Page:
The National Trust is one of the country's most respected institutions, but according to some the organisation is coming after one of the country's most beloved holidays - Christmas. 

The charity and membership organisation for heritage conservation in England, Wales and Northern Ireland has its headquarters at the Heelis building in Swindon and recently held its Annual General Meeting at the STEAM Museum. 

However, a question asked at the meeting over a charity 'inclusivity and wellbeing' calendar, which was provided for volunteers has sparked a row because it included Hinduism's Diwali, and Islam's Eid and Ramadan but had no sign of the Christian holidays.

This has led to a Daily Mail article accusing the National Trust of trying to 'abolish Christmas' like Vladimir Lenin and Oliver Cromwell, which the Trust has enthusiastically denied. 

The Daily Mail reports that this was raised during the Annual General Meeting, with Trust member David Lamming asking why Christmas and Easter were 'omitted'. 

In response, a National Trust spokesman said: "This internal guidance is specifically designed to supplement the National Trust's year-round programming that includes Christmas and Easter, which are national public holidays and which are celebrated at all properties.

"It enables our teams to mark more religious and cultural festivals, to serve local communities and allow everyone to learn about and enjoy different cultures.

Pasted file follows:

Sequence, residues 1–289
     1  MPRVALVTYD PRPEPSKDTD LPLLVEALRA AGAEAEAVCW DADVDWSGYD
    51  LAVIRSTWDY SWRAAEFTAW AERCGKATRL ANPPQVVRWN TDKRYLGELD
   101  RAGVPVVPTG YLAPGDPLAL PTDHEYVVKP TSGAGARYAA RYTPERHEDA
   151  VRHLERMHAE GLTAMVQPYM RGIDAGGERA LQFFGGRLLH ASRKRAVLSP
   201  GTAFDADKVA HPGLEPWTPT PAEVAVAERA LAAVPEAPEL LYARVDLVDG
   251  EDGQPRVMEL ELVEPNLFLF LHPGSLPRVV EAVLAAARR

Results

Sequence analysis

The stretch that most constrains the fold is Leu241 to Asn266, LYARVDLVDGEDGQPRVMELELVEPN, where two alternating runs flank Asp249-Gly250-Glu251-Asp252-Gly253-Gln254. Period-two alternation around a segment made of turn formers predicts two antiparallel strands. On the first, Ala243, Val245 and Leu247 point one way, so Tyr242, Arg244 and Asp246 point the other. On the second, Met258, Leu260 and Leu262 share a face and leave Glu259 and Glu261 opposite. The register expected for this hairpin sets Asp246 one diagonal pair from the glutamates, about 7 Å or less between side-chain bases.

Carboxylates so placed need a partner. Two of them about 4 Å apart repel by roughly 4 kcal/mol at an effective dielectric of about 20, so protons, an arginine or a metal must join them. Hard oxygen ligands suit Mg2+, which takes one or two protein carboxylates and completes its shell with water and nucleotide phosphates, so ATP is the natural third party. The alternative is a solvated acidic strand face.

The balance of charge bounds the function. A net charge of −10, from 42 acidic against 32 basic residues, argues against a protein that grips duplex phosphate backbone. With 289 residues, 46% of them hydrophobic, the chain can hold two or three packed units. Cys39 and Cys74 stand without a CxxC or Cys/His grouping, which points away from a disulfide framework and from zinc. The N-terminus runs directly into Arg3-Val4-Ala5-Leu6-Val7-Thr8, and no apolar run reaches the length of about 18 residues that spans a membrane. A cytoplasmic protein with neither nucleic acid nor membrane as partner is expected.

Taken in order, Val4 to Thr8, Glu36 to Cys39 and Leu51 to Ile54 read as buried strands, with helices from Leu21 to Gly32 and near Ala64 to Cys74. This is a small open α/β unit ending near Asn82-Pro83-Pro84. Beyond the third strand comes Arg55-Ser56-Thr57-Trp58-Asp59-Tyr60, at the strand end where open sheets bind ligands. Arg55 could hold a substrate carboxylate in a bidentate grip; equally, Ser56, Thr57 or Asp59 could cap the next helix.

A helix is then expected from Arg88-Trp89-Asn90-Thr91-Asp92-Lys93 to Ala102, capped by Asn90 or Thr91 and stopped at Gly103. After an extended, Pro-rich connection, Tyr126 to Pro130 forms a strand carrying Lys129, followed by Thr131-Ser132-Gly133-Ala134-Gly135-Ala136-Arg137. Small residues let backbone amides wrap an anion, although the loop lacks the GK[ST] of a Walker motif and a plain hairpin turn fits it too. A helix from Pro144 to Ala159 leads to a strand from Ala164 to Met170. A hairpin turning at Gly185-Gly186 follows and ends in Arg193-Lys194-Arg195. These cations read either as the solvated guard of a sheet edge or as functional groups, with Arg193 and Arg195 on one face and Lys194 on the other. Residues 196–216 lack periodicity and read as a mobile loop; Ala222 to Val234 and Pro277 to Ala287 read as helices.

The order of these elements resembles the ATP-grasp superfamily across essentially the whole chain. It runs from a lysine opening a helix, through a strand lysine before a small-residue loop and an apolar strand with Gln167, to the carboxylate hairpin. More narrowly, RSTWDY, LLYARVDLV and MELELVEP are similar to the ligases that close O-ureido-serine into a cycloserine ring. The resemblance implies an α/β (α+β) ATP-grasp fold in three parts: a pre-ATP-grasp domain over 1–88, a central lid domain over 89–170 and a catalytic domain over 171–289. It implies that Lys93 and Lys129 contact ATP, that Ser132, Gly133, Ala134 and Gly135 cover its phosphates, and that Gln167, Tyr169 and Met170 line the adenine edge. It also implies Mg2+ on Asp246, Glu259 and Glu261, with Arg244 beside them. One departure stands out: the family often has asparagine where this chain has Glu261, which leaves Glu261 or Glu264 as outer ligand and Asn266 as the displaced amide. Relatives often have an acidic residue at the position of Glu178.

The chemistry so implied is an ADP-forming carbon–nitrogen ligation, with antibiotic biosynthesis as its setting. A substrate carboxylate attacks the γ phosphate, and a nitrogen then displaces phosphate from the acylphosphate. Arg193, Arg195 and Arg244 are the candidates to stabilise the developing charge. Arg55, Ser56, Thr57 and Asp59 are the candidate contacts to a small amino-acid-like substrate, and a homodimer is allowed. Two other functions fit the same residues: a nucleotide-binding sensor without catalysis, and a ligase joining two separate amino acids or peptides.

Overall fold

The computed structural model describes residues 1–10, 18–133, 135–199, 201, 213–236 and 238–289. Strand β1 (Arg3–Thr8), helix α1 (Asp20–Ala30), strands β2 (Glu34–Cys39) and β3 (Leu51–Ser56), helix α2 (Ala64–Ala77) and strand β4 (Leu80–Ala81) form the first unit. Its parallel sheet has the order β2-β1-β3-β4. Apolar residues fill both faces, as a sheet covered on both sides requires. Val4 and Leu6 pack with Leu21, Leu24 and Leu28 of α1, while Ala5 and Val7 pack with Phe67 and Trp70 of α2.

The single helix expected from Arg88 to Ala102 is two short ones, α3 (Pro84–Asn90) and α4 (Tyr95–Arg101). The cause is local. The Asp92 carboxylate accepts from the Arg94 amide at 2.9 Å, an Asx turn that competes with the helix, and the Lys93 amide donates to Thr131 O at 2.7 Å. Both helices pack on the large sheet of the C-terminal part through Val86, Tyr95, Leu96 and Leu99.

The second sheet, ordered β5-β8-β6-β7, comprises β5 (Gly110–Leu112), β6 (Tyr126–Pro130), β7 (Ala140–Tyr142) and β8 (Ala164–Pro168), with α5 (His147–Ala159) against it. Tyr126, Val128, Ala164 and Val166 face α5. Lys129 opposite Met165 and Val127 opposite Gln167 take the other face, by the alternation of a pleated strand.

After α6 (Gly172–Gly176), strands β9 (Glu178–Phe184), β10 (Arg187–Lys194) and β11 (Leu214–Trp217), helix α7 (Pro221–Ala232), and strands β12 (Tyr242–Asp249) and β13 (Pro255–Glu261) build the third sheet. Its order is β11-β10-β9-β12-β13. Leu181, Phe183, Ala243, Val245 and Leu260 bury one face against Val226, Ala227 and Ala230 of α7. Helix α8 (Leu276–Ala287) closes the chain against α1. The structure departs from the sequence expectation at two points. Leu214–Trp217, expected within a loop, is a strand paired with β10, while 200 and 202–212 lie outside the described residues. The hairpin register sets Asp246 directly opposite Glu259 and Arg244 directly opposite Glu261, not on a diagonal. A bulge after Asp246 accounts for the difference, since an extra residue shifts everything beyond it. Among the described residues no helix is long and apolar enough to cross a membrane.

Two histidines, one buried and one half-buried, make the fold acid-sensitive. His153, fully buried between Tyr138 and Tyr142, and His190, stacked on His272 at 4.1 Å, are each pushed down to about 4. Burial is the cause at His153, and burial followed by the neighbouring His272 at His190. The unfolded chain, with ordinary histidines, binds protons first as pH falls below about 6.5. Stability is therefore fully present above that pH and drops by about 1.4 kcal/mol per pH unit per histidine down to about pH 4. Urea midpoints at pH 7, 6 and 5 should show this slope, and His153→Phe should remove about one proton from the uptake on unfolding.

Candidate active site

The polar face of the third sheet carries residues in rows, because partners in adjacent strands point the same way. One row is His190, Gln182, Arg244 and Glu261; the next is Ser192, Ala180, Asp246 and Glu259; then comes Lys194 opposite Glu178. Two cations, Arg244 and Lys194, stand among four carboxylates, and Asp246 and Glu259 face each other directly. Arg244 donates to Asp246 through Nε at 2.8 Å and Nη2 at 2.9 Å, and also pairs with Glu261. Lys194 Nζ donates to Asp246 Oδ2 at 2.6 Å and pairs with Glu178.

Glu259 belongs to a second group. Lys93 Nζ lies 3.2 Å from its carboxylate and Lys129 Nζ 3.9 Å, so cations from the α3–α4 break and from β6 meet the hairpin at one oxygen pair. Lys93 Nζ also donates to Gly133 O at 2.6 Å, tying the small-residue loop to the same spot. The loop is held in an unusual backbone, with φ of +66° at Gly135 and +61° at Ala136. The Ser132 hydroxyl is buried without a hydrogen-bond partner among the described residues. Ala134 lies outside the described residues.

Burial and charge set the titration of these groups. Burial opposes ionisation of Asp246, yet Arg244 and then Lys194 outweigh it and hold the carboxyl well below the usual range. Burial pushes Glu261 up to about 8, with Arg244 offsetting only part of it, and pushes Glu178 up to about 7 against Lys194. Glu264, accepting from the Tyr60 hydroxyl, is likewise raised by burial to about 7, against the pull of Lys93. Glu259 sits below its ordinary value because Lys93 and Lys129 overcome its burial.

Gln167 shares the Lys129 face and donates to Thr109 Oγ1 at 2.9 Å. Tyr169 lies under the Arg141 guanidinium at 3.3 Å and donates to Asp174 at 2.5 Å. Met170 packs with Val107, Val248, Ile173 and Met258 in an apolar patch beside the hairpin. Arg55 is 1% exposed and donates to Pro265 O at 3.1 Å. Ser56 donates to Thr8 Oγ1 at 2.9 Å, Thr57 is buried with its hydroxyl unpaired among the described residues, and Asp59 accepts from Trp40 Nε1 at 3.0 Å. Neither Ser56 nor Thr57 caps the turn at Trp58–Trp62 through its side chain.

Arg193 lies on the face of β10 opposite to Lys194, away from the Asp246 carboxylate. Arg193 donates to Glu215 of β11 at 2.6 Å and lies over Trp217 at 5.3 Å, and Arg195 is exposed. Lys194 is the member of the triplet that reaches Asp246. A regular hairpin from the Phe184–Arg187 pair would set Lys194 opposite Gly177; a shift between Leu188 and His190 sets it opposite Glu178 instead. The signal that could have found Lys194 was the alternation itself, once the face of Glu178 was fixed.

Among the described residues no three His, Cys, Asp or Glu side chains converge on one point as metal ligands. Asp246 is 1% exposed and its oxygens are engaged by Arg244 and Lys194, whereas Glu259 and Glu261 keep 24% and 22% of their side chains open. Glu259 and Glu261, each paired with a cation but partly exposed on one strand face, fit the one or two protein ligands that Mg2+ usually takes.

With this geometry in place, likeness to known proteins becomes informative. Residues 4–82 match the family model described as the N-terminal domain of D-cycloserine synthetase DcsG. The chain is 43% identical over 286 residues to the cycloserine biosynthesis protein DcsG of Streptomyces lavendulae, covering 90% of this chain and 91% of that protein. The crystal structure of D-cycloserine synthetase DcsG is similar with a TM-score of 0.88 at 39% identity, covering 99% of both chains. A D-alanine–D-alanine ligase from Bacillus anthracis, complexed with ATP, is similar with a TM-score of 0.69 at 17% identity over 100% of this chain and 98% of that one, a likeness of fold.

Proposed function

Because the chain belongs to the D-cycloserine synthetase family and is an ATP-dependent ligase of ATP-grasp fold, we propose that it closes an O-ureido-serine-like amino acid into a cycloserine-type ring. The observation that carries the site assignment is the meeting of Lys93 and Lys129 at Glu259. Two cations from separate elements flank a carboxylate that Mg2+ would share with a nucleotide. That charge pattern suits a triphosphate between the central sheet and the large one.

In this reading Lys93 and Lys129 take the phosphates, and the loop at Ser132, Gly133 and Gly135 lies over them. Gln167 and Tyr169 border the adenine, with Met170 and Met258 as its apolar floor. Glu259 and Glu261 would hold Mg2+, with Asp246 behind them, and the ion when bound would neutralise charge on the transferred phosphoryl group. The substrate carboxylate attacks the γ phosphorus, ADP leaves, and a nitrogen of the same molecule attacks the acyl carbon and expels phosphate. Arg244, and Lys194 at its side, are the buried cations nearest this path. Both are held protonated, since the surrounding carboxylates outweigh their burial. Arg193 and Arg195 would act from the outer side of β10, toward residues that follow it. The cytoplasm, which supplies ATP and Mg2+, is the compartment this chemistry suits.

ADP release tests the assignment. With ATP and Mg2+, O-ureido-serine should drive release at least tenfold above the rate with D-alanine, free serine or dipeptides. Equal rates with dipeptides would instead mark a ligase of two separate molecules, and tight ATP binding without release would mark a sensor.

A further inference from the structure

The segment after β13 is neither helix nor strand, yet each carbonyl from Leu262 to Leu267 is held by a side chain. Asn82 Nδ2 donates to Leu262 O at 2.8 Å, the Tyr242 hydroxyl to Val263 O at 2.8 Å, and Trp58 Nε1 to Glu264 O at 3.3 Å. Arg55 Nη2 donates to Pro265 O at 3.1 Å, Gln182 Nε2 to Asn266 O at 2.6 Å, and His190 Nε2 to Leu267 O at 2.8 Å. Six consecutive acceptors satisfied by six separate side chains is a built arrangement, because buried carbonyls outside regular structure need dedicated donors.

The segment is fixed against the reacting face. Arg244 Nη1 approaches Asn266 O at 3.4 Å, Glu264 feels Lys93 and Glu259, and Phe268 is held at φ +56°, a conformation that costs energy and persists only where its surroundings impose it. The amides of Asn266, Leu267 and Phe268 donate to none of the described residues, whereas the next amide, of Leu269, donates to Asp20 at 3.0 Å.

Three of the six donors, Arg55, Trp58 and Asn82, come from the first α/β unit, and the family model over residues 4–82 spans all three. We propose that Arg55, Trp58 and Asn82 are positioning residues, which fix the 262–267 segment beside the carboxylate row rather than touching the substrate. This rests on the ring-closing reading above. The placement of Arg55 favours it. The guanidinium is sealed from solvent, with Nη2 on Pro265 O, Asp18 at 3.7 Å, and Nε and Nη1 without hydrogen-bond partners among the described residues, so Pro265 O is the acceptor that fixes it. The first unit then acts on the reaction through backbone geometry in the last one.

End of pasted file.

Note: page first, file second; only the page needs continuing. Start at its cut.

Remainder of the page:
"We're proud to host some wonderful celebrations for Eid, Diwali, Hanukkah, and other occasions. The National Trust is for everyone."

Indeed, on November 2, just over a week before the AGM and the Daily Mail articles, the National Trust released its own Christmas advert.

In the video, Mouse, Hare and their snowmen friends discover the joy of giving from a good place with gifts from the National Trust’s new Christmas shop which is full of seasonal cards, gifts and food and drink. 

In addition to this, the National Trust website has a dedicated calendar for Christmas events at its locations, of which there are 148. 

But that hasn't stopped the suggestion being discussed, including on GB News where Graham Nicholls, director of Affinity, Gospel church said: "Across the world, Christians are persecuted... Why wouldn't you include Christmas? Lots of people from other religions would be staggered that Christian festivals aren't on there!"

The row eventually led to the National Trust making the following tongue-in-cheek tweet: "We're hearing rumours that we've cancelled Christmas! If you've heard that too, don't worry. Our celebration for 2023 has only just begun, and you can find out more about what we're planning at the link below. PS. It's still printed in all the calendars in our shop, too."